So James Horwill has been, for a second time, cleared of stamping on Alun-Wyn Jones’ face. He was initially exonerated, before the IRB appealed their own findings… only to clear him a second time. Baffled? Me too.
Their official wording was, “it could not be said that the judicial officer was manifestly wrong or that the interests of justice otherwise required his decision be overturned.” Did they ever really expect to overturn their own decision? Or was this simply a game to appease the Lions?
So the #JusticeforHorwill campaign, which has been doing the rounds of social media recently, has got its desired outcome. This despite every man and his dog (or kangaroo – even Australians can’t claim ignorance in this case) knowing that there is no way that Horwill’s foot could have landed in that position by accident.
He is obviously a decent bloke with an exemplary disciplinary record, but whether it was a case of the red mist descending for a moment or simply that he was aiming for somewhere a bit less vicious than the face, Horwill was guilty of stamping on Alun-Wyn Jones. For that he should at least have been ruled out of the rest of the series.
He is the totem of this Australia team. Genia and company behind the scrum might make the headlines, but it is around Horwill that they rally, and he is the one to whom they turn when the chips are down and chasing the game – as they have been in both tests so far. He played an almighty role in hauling them back from the brink of series defeat to set up a decider.
Of course, Paul O’Connell fulfilled this role for the Lions. He was every bit as inspirational and important to the men in red as Horwill is to the Wallabies. That one has been ruled out by bad luck and the other has been allowed to keep playing despite an act of foul play does not seem just.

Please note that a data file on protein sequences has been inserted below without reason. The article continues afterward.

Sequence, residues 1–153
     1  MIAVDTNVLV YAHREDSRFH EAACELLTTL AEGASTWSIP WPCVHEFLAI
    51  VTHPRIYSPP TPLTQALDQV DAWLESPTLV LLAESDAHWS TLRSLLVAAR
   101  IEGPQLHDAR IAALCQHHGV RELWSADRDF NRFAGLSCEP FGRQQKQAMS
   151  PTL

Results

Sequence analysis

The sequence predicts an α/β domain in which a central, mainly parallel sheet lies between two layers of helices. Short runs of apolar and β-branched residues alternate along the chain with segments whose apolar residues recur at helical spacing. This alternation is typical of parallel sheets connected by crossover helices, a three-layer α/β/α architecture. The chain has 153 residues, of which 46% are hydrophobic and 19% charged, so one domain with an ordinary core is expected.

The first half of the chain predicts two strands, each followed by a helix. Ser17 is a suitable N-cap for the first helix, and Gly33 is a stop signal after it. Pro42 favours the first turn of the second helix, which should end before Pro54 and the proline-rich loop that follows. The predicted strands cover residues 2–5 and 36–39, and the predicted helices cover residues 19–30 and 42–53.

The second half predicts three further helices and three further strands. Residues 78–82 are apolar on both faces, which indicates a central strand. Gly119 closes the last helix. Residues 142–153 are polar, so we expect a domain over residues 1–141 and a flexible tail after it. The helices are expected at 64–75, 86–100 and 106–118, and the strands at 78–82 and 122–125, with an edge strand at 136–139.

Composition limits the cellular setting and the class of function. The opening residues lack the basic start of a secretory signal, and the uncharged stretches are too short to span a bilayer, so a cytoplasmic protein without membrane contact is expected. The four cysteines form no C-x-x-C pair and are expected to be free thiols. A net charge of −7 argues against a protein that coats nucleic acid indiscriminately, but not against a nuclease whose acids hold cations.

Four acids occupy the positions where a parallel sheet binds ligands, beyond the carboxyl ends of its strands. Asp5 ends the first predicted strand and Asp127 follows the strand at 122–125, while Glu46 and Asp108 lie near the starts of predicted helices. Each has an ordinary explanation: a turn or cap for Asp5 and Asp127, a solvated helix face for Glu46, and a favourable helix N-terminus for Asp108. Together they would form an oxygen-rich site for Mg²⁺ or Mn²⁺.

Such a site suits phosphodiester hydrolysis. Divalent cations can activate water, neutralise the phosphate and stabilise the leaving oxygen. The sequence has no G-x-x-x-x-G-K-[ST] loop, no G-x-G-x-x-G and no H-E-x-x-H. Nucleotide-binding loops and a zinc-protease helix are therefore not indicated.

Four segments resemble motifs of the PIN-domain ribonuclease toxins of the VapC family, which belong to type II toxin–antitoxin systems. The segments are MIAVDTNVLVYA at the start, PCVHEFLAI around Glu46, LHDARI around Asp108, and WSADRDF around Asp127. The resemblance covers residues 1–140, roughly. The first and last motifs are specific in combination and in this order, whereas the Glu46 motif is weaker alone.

This is not an anti-Australia or even anti-Southern Hemisphere article. In fact, it conjures up distasteful memories of the Cian Healy affair in the Six Nations. He was at least banned, but after appealing and only missing one game, most people agreed at the time it was an insufficient punishment for the crime – again, what looked like a moment of red mist. It’s all very well offering contrition and regret at the disciplinary hearing, as both Healy and Horwill undoubtedly did, but that does not excuse the act.
In a seemingly separate disciplinary universe, Richard Cockerill was banned for nine weeks for using abusive language on the touchline of the Aviva Premiership Final. Admittedly he has previous form, but that length of ban, compared with nothing for a stamp that, deliberate or not, could have blinded Alun-Wyn Jones, surely is not right. Similarly, with regard to the Healy incident, Sergio Parisse was banned at the same time for significantly longer for the use of bad language.
Why is it that swearing seems to be a more punishable offence than potentially ending someone’s career? I appreciate it is never deliberate (although it is tough to see how Horwill and Healy weren’t at least trying to cause some form of harm) but that does not excuse it either.
Nor am I saying Cockerill or Parisse’s bans should be reduced or overturned – there is no place for abuse of officials in the game – but the severity of their bans compared to Healy’s, and the non-existence of Horwill’s, seems strikingly disproportionate.
Rugby players live on the edge. To do their job effectively, they must be pumped up and play right on the line between aggression and thuggery. Occasionally, someone will overstep this line, but to properly dissuade players from doing it more often the punishments must surely be stricter or, in the case of Horwill, at the very least enforced. The point here is that the disciplinary system needs a shake-up, and Horwill is merely the latest in a line of players (Healy, Woodcock, Burger etc.) who have got off lightly for crimes that deserved greater punishment.
If the Lions win on Saturday then this will all be forgotten and, frankly, no-one will care that Horwill was on the pitch. But if Horwill leads Australia to a series victory there will be Lions fans screaming that he should not have been on the pitch for the final two games, and who knows what might have happened had justice been served. They would have a point.
By Jamie Hosie
Follow Jamie on Twitter: @jhosie43